Archive for February, 2013

Photography by HagePhoto / Aurora Photos

Like Spiderman in paradise, this climber is one of many who seek out toeholds amid the rocky caves surrounding Tonsai Beach in southern Thailand, a renowned climber “hangout.” More »

Photography by Katie Hards

Today marks the 100 year anniversary of an iconic New York City landmark — Grand Central Terminal. For the past century, it has served as a major hub of transportation for daily commuters coming or going to and from NYC. It also serves as a major tourist destination and is one of the top 10 most visited destinations in the world, according to Daniel Brucker, Manager of GCT Tours. Today, on its official birthday, the Guinness Book of World Records will bestow the building as “The Largest Station by Number of Platforms.” So, besides that, what’s so special about this train terminal?

The building is steeped in the history marked by its technological advancements in transportation, ingenuity in design and architecture and urban development that shaped NYC to be the metropolis we know today. Just think about the stories of the billions of commuters and travelers who have come and gone through the building over the years. Who knows how many hello and goodbye kisses and hugs have taken place within the confines of the building. And we’re sure that even the items in the station’s expansive lost and found room come with their own unsolved mysterious stories, including an urn of ashes or a basset hound that have both, somehow, been left behind. With nearly 700,000 people served daily, Grand Central also boasts an on-time performance of 98%, ensuring everyone arrives safely and promptly at their destinations.

Photography by Katie Hards

Before their centennial celebration, I was able to partake in a very special behind-the-scenes tour to understand what makes this building and its services so unique. From the lowest depths of the building — which is the deepest basement in all over New York City — I, along with other special guests, got a glimpse into the enormous electrical infrastructure, both that power the station.

Prior to 1913, the trains coming to and from Grand Central were powered by coal, making any property along the open air tracks dirty and undesirable. With the introduction of electrically powered trains, the tracks could be enclosed underground, and the land above it (Park Avenue) became ripe for development. This area became, and still is, some of the city’s most lucrative and expensive properties.

Photography by Katie Hards

Photography by Katie Hards

In the upper reaches of the building, we sidled past busy men and women sitting in the Metro North control room. They were guiding train traffic in and out of the station by overseeing blinking lights and numbers on two enormous screens — leaving me cross eyed from its complexity. Luckily, we ducked into a door behind them to scale a couple of rickety ladders that led us to a small room. We found ourselves faced with the most beautiful Tiffany glass clock, which is visible along 42nd street. The “6” on the clock opens up to reveal the street below and Park Avenue leading up to the station. It’s a great view from a unique vantage point. We got another great view from the upper glass catwalks. This perspective allowed us to see the wonderful beaux-arts features of the building and to gaze closely at the ornate constellations painted on the ceiling. Peering down, we gained a birds-eye view of the expansive main concourse to watch the commuters, travelers and visitors from above.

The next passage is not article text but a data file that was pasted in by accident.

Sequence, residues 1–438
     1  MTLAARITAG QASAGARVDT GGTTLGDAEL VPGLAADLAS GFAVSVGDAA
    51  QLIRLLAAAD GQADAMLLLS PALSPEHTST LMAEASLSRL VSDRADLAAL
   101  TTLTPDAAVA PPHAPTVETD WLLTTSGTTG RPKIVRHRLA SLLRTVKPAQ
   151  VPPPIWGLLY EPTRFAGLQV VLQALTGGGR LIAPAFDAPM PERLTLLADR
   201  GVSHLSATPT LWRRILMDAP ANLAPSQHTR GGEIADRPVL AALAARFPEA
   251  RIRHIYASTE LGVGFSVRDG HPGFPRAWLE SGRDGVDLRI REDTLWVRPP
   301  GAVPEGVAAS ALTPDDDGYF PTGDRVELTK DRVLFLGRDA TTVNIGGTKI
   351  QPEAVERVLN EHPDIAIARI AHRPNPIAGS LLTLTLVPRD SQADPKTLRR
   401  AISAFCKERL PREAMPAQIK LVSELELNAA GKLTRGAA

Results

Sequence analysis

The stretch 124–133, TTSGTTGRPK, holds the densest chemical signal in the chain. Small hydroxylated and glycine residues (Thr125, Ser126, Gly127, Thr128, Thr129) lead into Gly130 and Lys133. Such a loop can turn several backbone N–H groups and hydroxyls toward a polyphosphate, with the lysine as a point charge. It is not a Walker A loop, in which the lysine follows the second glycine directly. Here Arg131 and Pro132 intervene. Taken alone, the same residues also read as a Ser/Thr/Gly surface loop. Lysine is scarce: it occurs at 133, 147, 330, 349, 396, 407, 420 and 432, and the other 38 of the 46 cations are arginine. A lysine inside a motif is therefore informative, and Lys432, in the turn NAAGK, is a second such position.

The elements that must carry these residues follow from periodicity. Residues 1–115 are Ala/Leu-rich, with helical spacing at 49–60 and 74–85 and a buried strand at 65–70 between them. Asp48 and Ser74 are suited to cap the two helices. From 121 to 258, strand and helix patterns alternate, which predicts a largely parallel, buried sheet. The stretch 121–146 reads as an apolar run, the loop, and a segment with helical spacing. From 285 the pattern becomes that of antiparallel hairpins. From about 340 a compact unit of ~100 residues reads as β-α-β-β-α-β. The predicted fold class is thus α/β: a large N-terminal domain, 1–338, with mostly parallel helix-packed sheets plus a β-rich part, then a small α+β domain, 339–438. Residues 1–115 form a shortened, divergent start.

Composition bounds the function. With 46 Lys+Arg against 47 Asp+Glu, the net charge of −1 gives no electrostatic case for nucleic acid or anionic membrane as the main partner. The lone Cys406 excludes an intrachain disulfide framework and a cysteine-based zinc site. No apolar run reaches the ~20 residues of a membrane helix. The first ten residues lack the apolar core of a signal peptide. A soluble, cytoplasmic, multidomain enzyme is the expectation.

Photography by Katie Hards

Photography by Katie Hards

If you’re planning a trip to the Big Apple before March 15, put Grand Central Terminal on your must-see list. MTA Metro-North Railroad — which operates the Terminal — is celebrating the centennial with an informative exhibit highlighting the history of the building through photographs, architectural drawings and interactive exhibits. You can even download a special app that will guide you through the unique elements of this centenarian landmark. Though you won’t be scaling any ladders or peering down from the catwalks, you’ll gain historical insight and visit some of the other unique features of the building.

Photography by Katie Hards

See what other landmarks, events and cities are celebrating big birthdays this year in our Travel Anniversaries of 2013 slideshow.

- By Katie Hards

In This Week in Travel, it’s all about lists. Check out top sights to see, reasons to travel, or packing favorites from these travel blogging experts. READ MORE

If you’re an owner of one of the locations that Steve and Amy are tasked with investigating, you can be sure, you are Never Alone.

In this all-new episode of The Dead Files, Amy and Steve investigate terrifying reports of paranormal encounters at a family home in the picturesque, waterfront town of Forester, MI. Their client, Chrystal has always wished to fulfill her mother’s dream of turning the house into a bed and breakfast, but with all the paranormal experiences she’s been having, she’s too afraid to spend the night in the house.

While Steve uncovers the stories of 2 deadly fires that devastated the town, Amy attempts to fight off a vicious entity that tries to take over her body.

Are Steve and Amy in over their head? Will Chrystal finally be able to exorcise the demons that have been haunting her home? Find out on an all-new episode of The Dead Files, tonight at 10|9c.

Chat live with fellow fans during the Never Alone premiere, and don’t miss the live chat with Steve and Amy after the show.

Plus, check out these exclusive behind-the-scenes photos from tonight’s investigation.

Photography by Brad Goldpaint / Aurora Photos

At Big Bend, all roads lead to a rich history of peoples living along the Rio Grande along with geologic wonders like the Boquillas Formation. More »

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